Griff said...

I was halfway through my own write up when I came to get a link and *poof* - my stand in job was nullified.

I agree with the obvious stepping on the cleric's toes here, but I actually like it. I think Shaman and I think spiritual leader and healer. If any class should fix those aches and pains, it should be the Shaman.

The cleric should be converting the heathens by mace and bringing the favor of the gods to his fellow believers (or allies).

But then what does the Paladin do?

Are we on a slippery slope?

Crwth said...

@MailPari:

If Clerics, Warlords, Artificers, Bards and Shaman are all healers, then why do we have the title Leader? If that's what a "leader" does, then why not just call a spade a spade?

I see where you're coming from with the pious/religious path, and providing a healing path that doesn't rely on it. While healing has traditionally (pre-4e) been a divine act, I suppose that, with the healing surges, healing is an internal event, spurred by external forces -- divine, primal, arcane or otherwise.

Anonymous said...

they are called leaders as they do more than just healing, they also buff, provide movement and other beneficial things. The clerics so popular "lance of faith" at-will, deals a bit damage and also provide a character a +2 bonus to hit on their next attack. take a look, theres loads of non-healing powers for the different leader classes.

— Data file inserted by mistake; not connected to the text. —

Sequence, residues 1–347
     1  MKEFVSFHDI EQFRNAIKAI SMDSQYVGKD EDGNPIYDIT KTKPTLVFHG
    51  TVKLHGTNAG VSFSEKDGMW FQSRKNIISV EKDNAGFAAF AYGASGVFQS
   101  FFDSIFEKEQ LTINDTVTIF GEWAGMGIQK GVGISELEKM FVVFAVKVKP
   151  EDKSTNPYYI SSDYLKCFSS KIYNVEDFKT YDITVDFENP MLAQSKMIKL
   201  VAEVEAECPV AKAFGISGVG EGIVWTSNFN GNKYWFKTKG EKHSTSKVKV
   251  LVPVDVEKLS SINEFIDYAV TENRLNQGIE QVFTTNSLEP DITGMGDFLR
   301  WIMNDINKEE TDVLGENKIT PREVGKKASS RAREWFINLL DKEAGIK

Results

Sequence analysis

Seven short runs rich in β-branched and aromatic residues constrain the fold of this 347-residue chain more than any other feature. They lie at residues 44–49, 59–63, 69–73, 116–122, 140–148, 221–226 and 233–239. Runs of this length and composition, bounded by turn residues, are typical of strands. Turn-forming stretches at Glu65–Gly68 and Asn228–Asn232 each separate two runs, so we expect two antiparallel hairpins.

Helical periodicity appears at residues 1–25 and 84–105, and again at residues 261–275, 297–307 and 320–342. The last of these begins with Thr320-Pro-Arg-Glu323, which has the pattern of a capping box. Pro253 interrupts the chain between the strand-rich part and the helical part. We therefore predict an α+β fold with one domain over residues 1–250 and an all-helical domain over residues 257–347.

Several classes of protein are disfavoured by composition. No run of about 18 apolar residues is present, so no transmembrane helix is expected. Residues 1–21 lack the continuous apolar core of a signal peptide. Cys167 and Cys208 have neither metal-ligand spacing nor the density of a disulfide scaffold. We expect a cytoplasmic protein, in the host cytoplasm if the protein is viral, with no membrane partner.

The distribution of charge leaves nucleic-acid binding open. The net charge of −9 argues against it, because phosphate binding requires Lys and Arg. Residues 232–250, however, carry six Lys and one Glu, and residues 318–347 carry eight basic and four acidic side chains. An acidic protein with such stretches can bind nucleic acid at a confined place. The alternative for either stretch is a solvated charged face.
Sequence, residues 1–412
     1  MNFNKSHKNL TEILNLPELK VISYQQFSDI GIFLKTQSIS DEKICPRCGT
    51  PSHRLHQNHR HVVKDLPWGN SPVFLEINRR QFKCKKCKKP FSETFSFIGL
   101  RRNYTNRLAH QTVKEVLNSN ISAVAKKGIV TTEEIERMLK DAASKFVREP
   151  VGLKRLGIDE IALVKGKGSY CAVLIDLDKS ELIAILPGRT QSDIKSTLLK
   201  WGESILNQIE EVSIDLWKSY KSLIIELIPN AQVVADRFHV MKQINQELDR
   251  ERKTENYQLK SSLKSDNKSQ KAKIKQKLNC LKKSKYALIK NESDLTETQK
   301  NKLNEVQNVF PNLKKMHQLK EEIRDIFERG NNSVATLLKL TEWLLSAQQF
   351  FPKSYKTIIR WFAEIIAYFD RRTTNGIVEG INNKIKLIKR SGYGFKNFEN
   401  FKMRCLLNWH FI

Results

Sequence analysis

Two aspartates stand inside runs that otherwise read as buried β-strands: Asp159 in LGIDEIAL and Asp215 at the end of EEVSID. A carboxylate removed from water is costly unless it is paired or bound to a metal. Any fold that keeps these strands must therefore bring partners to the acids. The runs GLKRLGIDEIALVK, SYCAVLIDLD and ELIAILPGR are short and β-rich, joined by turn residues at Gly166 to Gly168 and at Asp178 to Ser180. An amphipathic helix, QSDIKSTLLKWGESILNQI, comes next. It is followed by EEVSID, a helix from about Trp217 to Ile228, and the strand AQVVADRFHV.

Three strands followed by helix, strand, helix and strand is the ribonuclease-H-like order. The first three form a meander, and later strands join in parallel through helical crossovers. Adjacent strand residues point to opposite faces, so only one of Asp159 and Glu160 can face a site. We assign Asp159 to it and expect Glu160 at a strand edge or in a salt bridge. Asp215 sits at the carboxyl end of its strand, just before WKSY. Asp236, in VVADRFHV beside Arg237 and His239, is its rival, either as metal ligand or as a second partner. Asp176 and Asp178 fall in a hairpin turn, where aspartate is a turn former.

something i really like about 4.0 is the fact that clerics are not mandatory healbots anymore. Yes, they could be played as so much more, but that would be frowned upon as they need a healer.

Anonymous said...

i'd like to say that, as a person who has played 3rd and 3.5 edition (having started on my 10th birthday), i have felt extremely betrayed by most of 4th edition. having learned about this Shaman class though intrigued me, and the first thing i asked was "does he have healing?" because in my mind a Shaman should be a healer, and i felt better about the loss of the Druid to know that there is a Shaman class.